Hydrogen will run through a pipeline over the national boundary at the cross-border port region of North Sea Port in around four years. The port, Gasunie, and Fluxys are collaborating to connect the Dutch and Belgian hydrogen networks in the port zone.
In the Netherlands and Belgium, Gasunie and Fluxys are aiming to build a nationwide hydrogen network. In the port zone on the Dutch-Belgian border, the two networks will connect. The link will provide hydrogen to businesses in a 60-kilometer port zone ranging from the Netherlands’ Vlissingen and Terneuzen to Belgium’s Ghent. The essential preparations were made by Gasunie, Fluxys, and North Sea Port.
One of Europe’s first cross-border hydrogen networks with open access
Fluxys and Gasunie are prepared to build an open-access hydrogen network on both sides of the Belgian-Dutch border in close partnership with the industry. The infrastructure is accessible to all businesses. By 2026, the networks should be operational and connected at the border. This link will establish one of Europe’s first cross-border open-access hydrogen networks. The two hydrogen networks will be linked between the Dutch cities of Sas van Gent and Zelzate in Belgium, where natural gas already flows between the two nations. The hydrogen network’s pipes will mostly be installed along existing pipeline lines, reducing the environmental effects.
Bringing supply and demand together
The cross-border link will make a substantial contribution to the development of the whole hydrogen value chain in the port zone, as well as supporting and extending employment, due to its scale effect. The link will open up the whole port region to a market for green and low-carbon hydrogen, linking providers and buyers in a secure system. Companies may also access a huge hinterland as well as other industrial clusters and ports in Europe by connecting the port zone to the national hydrogen infrastructure in the Netherlands and Belgium.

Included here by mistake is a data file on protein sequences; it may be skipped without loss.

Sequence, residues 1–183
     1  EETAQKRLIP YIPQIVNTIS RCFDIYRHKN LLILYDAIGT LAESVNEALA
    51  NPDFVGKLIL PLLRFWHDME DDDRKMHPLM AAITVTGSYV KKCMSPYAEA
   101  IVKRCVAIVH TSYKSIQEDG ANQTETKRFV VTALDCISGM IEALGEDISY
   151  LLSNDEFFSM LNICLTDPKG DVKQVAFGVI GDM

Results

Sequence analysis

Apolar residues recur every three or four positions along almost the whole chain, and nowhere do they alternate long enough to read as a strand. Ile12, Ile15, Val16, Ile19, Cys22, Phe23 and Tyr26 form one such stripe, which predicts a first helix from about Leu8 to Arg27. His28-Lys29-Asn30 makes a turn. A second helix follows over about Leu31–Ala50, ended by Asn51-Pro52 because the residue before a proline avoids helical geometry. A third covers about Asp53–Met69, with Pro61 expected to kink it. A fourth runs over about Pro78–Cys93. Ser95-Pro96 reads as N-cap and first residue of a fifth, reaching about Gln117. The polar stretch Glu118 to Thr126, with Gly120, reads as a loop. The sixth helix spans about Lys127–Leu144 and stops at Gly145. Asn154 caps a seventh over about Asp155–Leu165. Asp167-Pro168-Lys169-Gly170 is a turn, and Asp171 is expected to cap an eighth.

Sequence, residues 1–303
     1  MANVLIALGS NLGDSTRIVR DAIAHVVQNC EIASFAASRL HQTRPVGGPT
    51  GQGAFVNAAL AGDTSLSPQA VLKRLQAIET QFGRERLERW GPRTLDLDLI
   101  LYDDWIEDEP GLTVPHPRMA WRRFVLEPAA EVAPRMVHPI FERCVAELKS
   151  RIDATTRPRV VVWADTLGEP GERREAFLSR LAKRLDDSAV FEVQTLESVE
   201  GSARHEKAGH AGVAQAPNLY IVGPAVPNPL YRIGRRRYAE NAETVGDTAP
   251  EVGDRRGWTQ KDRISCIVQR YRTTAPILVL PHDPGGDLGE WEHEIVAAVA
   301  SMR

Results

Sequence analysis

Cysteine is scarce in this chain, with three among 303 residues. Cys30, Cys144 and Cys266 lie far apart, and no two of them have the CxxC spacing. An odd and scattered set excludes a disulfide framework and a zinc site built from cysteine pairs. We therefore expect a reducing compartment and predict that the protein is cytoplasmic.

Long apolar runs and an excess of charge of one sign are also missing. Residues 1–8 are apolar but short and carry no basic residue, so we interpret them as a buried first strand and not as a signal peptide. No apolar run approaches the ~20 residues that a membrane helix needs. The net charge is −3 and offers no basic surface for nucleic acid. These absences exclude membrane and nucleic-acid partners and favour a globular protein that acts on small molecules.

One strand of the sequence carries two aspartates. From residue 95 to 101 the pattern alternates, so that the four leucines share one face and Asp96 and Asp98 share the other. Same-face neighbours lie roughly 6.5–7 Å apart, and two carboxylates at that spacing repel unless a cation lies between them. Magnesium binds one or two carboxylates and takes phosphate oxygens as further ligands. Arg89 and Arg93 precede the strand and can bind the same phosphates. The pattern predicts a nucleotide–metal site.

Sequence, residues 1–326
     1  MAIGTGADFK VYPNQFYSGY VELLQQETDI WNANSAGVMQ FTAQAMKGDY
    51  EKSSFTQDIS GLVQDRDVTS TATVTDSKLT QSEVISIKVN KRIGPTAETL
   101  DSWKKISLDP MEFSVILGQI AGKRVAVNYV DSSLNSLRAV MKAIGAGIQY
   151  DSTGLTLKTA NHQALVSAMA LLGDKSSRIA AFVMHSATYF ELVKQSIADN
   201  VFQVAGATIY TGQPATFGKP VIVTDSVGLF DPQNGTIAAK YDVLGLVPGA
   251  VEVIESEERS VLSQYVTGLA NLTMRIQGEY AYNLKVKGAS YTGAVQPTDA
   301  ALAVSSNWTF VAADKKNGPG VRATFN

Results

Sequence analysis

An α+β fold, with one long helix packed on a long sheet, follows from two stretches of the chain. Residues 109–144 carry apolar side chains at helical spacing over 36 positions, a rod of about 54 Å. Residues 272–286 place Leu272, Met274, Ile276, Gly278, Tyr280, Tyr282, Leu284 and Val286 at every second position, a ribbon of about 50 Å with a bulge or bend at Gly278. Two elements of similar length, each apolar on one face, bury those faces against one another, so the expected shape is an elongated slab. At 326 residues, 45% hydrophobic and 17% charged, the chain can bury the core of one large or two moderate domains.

Hub for international hydrogen
The North Sea Port cross-border industrial cluster is Benelux’s biggest hydrogen center. Companies create and use 580,000 tonnes of hydrogen each year. By 2050, the demand for hydrogen in the port zone will have doubled and will be totally sustainable. The cross-border network will connect supply and demand on a wide scale throughout the port zone, boosting the hydrogen market’s development. North Sea Port is perfectly positioned to grow into a hydrogen center with a global reach. This aligns with Europe’s, the Netherlands’, Belgium’s, and Flanders’ aims and investments in the energy and climate transition, as well as the goal of being carbon neutral by 2050.
North Sea Port CEO Daan Schalck: “This new cross-border hydrogen infrastructure is an added benefit in terms of attracting more sustainable and circular businesses to the port region. Several hydrogen production and storage projects are currently underway or in the planning stages. Connecting two national networks in the port zone is in keeping with our objective to develop as a European hydrogen center.”
CEO of Fluxys, Pascal De Buck: “We’re going all out at Fluxys to assist the hydrogen business to grow swiftly. The hydrogen infrastructure in North Sea Port is part of a larger effort to assist in the development of critical decarbonization infrastructure across Belgium and in neighboring countries. We also have actual suggestions for infrastructure to assist CO2 capture, storage, and reuse at North Sea Port. We are dedicated to climate neutrality with the port, industry, and governments.”
Helmie Botter, Gasunie’s Manager of Business Development Hydrogen: “Gasunie is dedicated to the creation of a nationwide hydrogen network. In this context, connections with neighboring nations are critical. This will enable the hydrogen industry to expand and work to improve supply security in northern Europe.”